It’s also possible for a pop-up truck camper to have telescoping hard sides. An example of this type of pop-up is the 6’5″ Cabover Camper from Alaskan. This popup truck camper uses no canvas at all, (so it’s suitable for camping in bear country). Instead, it has a solid wall design that raises and lowers in a telescoping manner.

Like fully upright hard-sided campers, pop-up truck campers can have all of the amenities found in motorhomes and travel trailers, including showers, kitchens with major appliances, dining areas with booth seating, and sleeping areas with queen-size beds.

Pop-up truck campers most often tend to have wet baths, but so do many hard-sided truck campers. (For more information, see our post on the RV wet bath.)

To get an idea of how pop-up truck campers work and how they look once they’re popped up, (including the Alaskan we mentioned above), see our post on 11 great pop-up truck campers.

Both hard-sided and pop-up truck campers have in common the fact that they’re all able to be loaded and unloaded (mounted and demounted) from the bed of a pickup truck.

If you’re curious as to how a truck camper gets loaded and unloaded from a pickup truck, take a look at this YouTube video from our friends Tom & Cait of Mortons On the Move:

What Size Truck Do I Need For a Truck Camper?

There are truck campers made for most size pickup trucks, but the truck you’ll need depends on the size and weight of the camper you intend to carry. A truck/camper combination not only needs to fit together properly but also needs to be payload compatible. So, while truck campers are made for nearly every truck size and payload capacity, the two need to match up. This is critical to safely handling the truck/camper combination.

Whether you need a half-ton, three-quarter-ton, or one-ton truck will depend on the camper’s gross weight (not dry weight), including all gear and any optional equipment you install. Everything needs to be considered, including how large and full your holding tanks are as you travel, and the weight of your passengers.

Some truck campers must be carried by a large long-bed dually truck, while others can be accommodated by a half-ton truck with a 6-foot bed. Safety is the most important consideration, and everything, including the center of gravity, needs to be considered when pairing a truck and camper.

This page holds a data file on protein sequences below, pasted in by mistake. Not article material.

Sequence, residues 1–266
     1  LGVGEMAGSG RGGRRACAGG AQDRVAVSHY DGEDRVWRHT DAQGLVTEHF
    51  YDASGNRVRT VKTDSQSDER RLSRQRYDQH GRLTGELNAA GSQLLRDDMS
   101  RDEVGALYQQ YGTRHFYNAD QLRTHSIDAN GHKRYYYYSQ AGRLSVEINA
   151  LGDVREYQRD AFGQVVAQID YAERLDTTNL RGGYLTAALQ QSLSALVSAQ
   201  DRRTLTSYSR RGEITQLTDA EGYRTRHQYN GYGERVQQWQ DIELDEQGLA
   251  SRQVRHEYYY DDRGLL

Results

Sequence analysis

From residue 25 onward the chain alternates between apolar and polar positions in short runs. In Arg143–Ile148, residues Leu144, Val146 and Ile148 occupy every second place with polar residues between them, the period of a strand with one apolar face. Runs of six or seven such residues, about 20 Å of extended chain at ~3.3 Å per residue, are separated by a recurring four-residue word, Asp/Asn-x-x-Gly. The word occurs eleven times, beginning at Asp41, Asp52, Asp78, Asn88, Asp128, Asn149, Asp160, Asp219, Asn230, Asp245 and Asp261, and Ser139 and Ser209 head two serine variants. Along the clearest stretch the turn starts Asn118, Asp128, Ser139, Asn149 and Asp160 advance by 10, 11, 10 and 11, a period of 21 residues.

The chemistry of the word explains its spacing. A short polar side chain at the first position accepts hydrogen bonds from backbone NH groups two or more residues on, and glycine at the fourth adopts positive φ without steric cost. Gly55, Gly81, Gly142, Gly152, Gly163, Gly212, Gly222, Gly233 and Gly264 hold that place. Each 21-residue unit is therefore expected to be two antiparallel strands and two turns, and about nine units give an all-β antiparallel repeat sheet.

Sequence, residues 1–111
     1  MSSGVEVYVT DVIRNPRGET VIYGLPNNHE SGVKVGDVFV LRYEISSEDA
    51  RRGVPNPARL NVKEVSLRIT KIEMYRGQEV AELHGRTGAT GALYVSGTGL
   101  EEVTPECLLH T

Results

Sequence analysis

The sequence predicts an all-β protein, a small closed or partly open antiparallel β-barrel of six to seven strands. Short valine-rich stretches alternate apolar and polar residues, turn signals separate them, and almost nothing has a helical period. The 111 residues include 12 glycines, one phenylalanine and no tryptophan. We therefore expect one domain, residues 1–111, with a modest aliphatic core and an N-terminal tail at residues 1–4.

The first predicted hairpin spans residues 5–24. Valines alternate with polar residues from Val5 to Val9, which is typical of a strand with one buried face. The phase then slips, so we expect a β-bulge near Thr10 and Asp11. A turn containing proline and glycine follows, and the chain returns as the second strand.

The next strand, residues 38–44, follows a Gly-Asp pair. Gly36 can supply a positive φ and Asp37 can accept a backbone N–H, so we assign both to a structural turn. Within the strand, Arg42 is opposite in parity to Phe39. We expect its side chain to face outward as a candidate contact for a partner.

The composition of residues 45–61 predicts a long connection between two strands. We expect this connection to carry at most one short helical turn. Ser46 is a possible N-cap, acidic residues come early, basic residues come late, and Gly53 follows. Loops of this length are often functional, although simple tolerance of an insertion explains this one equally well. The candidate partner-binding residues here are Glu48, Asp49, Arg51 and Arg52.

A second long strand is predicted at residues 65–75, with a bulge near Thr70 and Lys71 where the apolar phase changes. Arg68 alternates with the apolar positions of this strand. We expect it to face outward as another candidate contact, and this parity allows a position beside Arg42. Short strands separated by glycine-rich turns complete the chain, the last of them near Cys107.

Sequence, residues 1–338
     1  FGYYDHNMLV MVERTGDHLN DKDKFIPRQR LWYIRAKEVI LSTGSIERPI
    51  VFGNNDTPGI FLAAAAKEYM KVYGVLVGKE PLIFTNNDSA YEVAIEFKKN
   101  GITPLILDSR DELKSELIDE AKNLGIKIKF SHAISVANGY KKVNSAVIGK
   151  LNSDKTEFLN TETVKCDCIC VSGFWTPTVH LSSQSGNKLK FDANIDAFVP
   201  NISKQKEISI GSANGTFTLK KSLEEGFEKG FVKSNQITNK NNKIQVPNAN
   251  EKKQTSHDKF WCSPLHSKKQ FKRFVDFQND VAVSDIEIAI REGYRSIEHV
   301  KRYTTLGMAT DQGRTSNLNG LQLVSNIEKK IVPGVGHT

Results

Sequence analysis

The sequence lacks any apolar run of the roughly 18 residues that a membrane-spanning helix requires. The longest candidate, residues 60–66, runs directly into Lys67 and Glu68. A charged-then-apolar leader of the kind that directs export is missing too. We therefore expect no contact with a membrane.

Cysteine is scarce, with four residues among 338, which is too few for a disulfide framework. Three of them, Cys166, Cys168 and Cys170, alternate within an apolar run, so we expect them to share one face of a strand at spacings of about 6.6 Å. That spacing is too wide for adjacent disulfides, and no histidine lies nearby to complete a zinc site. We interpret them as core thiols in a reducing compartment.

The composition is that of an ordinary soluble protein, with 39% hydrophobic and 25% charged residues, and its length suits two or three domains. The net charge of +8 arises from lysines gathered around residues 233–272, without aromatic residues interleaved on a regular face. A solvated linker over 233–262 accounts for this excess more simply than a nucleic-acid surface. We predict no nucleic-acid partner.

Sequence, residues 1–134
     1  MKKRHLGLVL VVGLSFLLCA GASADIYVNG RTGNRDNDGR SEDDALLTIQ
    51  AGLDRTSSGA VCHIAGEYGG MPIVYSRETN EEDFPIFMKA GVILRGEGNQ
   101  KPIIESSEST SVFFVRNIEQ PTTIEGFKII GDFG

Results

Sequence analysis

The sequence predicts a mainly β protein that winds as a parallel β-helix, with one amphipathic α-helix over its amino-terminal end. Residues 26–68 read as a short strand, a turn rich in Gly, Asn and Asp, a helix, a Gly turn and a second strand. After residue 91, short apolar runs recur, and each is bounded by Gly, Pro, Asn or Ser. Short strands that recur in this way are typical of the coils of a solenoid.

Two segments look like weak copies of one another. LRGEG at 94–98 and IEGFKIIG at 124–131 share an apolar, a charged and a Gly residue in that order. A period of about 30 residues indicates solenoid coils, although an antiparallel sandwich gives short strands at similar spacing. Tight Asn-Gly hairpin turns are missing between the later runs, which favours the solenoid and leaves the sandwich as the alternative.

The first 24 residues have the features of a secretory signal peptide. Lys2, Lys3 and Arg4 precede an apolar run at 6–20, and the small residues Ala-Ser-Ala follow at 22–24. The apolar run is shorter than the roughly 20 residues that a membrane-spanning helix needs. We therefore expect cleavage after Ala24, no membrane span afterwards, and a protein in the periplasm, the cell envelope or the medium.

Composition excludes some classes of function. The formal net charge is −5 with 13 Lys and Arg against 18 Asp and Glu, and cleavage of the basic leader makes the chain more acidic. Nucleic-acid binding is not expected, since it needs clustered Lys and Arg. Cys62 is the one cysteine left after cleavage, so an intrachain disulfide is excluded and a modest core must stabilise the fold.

You could seriously damage your truck and camper if you don’t consider the center of gravity. More importantly, you could have a harrowing driving experience… or worse. In general, a truck camper’s weight should rest on or in front of the truck’s rear axle, so that the bulk of the weight sits in the front center portion of the truck bed.
A truck camper on a truck traveling down the highway

The bulk of a truck camper’s weight should rest on or in front of the truck’s rear axle. This will place the center of gravity in the front-center portion of the truck bed.

When considering the purchase of a pop-up truck camper, the most important thing you’ll need to know is the payload rating of your pickup truck.

Can You Leave a Truck Camper On the Truck All the Time?

You can leave your slide-in/truck bed camper on your truck while you’re driving, camping, and living in it. You can also demount the camper from the truck and live in the camper portion while you leave the truck free for independent use. Either way, the camper won’t be damaged if you properly set up the jacks and level it when it’s demounted from the truck.

If you want to leave a camper on a truck bed indefinitely, that’s a different question though the answer is similar.

You can leave your camper on your truck for indefinite periods. Just keep in mind that, like any motor vehicle, a truck should be driven from time to time. It’s not good for any vehicle to sit unused for months on end. We exercise our motorhome (and generator and air conditioners) at least once a month whenever we’re parked in one spot for an extended period.

Is Your RV a Slide-In/Truck Bed Camper?

If your rig is a truck camper, we’d love to hear what you consider to be the pros and cons of this type of RV. How do you like it? How does it drive? Does the top-heavy nature of a hard-sided truck camper cause a white-knuckle situation on the highway? How’s your fuel economy? Share your experience with your truck/camper combination in the comments section below.

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Saturday 1st of July 2023

We've had 3 slide-in popup campers since 1998, all riding in Toyota Tacomas with boosted suspensions. Wherever we go, we've ready to pull over, pop up, and enjoy -- disbursed camping or campground. Highly recommended. That said, nearing 70 years old, I'm less enthusiastic about climbing up into the bed or going outside for a bathroom.


Saturday 1st of July 2023

Thanks for sharing your experience! And yes... we know what you mean about having the bathroom conveniently placed INSIDE!